Latest posts by Yazan Badran
Palestine has been the single most influential player on Syria's political history since independence. Playing host to more than 500,000 Palestinian refugees who have almost exactly the same rights and privileges as Syrian citizens, Syria has both influenced and been influenced by their cause and their plight. Where do Palestinians stand from the Syrian revolution? Yazan Badran takes a look at what Palestinian netizens have to say.
Last year, on the eve of the holy month of Ramadan, Syrian forces loyal to the regime of Bashar al-Assad, killed around 45 civilians in the central town of Hama. This year, the bloodshed is in a village in the vicinity of Hama, Traymseh, but the death toll is believed to be several times higher.
Syria's bloggers rallied again to campaign for yet another of their own in Syria's detention centers. After the #FreeBassel campaign about blogger and open source developer Bassel Safadi, bloggers and activists launched the #FreeHussein campaign to highlight the plight of blogger Hussein Ghrer.
Prominent Syrian blogger and activist Hussein Gharir, has been missing since yesterday and is presumed to have been arrested by Syrian authorities. A #FreeHussein campaign has been launched on Twitter and Facebook, and a statement [AR] has been issued in the name of Syrian bloggers calling for his release.
Anas Maarawi is the latest Syrian blogger to have been imprisoned. He was detained on Friday July 1, 2011, in his neighborhood of Kafarsouseh in Damascus, and nothing has been heard of him since. Bloggers are rallying for his release.
Black comedy is one of the ways one deals with traumatic events. The recent events in Syria, while bloody and depressing to many people, have also brought about an explosion of blogs, Facebook pages and articles that try to satirize the events, and point out the absurdities in the official narrative - sometimes in very unorthodox ways.
For 100 days Syria's economy has been frozen. Commerce has halted to a standstill and the coming tourist season does not look good. In addition to that, thousands of frightened Syrians have been changing their savings from Syrian pounds to US dollars or Euros, putting an enormous pressure on the Syrian pound.
Today marks the 100th day since the protest movement found its foothold in Syria. A 100 days later, more than 1,400 deaths, and three presidential speeches, the protest movement is still in full force. This Friday is being billed "friday of delegitimization".
Syria, formerly a socialist state, began its economic reform process in late 2003. The process has lead to a rapid growth of Syria's private sector, but also led to a continuous increase in poverty levels and an exponential income inequality within the private sector.
“Officially disclosed salaries in the Syrian private sector range from the minimum full-time wage of $125 to $42,000 a month”, Abu Fares lashes out on the Syrian private sector, and the disturbing imbalance in the wages it offers.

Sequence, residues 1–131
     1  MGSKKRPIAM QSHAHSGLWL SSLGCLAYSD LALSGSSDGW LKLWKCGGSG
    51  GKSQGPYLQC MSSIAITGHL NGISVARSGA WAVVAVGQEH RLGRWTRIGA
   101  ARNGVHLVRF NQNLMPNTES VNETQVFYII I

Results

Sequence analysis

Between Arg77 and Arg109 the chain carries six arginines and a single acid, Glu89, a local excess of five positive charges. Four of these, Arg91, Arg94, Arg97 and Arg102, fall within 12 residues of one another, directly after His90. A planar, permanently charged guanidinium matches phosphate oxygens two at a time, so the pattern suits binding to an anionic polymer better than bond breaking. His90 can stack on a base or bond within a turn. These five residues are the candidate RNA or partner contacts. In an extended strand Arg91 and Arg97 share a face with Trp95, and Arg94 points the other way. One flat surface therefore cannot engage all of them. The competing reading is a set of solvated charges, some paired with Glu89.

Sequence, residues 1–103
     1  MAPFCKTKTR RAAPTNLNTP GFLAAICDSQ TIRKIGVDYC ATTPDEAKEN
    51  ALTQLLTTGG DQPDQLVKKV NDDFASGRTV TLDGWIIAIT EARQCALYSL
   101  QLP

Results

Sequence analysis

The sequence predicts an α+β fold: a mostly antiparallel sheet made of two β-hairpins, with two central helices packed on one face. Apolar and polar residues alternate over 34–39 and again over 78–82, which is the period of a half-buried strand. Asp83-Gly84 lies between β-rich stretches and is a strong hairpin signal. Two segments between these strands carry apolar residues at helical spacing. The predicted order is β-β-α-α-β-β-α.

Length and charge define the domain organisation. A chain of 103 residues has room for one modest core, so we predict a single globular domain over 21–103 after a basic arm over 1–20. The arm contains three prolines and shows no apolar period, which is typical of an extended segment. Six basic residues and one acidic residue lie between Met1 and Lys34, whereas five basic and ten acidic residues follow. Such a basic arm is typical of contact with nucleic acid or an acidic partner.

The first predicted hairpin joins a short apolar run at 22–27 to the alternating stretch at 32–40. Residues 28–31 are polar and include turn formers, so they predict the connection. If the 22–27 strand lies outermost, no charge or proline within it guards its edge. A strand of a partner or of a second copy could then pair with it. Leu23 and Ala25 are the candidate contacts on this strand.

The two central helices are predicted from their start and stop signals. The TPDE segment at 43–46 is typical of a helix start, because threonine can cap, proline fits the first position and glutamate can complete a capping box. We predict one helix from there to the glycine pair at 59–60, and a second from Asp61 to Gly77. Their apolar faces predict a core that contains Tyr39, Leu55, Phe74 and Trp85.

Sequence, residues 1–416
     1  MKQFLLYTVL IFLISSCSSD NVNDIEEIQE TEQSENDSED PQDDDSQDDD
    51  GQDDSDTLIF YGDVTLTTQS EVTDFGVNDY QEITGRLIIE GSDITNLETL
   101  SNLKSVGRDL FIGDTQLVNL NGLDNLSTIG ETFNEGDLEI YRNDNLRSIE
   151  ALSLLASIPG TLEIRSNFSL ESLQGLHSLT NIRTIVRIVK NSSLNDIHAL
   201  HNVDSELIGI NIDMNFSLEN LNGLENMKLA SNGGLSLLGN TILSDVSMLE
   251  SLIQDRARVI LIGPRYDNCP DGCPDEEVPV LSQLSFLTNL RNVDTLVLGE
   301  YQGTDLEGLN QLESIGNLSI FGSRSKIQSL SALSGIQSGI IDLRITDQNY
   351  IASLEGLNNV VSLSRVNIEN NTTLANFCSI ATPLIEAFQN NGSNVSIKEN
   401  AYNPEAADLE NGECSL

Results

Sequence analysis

Over the past year Google and Apple grew apart from allies to fierce competitors, climaxing with Google's release of Nexus One, the smart phone that is touted as the only real threat to Apple's iPhone. And the Syrian blogosphere joined in the bloggers war.
Damascene Jasmin [AR] writes about Syria's first international marathon. Damascus marathon is planned for April 16, to commemorate Syria's independence day (April 17).
This week Yazan Badran takes a random walk around different blogs, and different topics in a maze that is little different than the random markets of Aleppo.
Anas Qtiesh, shares some thoughts about his new life abroad and what homesickness is, among others.
A Syrian Foodie in London gives us a Halloween special with a Syrian twist to it, Tahini Pumpkin.
Ehsani, an economist and contributor to Joshua Landis‘ Syria Comment, elaborates on the divisions between Syria's top economy decision makers. The Commission for State Planning published a rare report criticizing Abdulla Dardari's, Deputy PM for Economic Affairs, liberal economic policies.
An English literature professor from the little Mediterranean city of Tartous and a Syrian-Canadian writer on a trip to her mother country exchange glances at a cafe called Sea Breeze. That's how Mariyah and Abu Fares chose to start their adventure, and their readers' new addiction. Yazan Badran has the story.
Mohammed writes about a phenomenon that he feels has gone too far. He feels that many people have a certain “Religion Influenza” [Ar] that makes them hostile to anything related to religion.
Mariyah writes about her blogging journey, and gives tribute to different Syrian blogs that she follows.
This weekend the Syrian blogosphere warmed up for a new confrontation. A group of bloggers launched a campaign against the spread of blogs advancing LGBT rights, and the response came quick. LGBT is controversial everywhere, but within a society that is conservative in its majority, the topic gets much more sensitive and hotly-debated, writes Yazan Badran.
Uramium Blog links to an article by an American-Jewish journalist on her take on the Palestinian-Israeli conflict.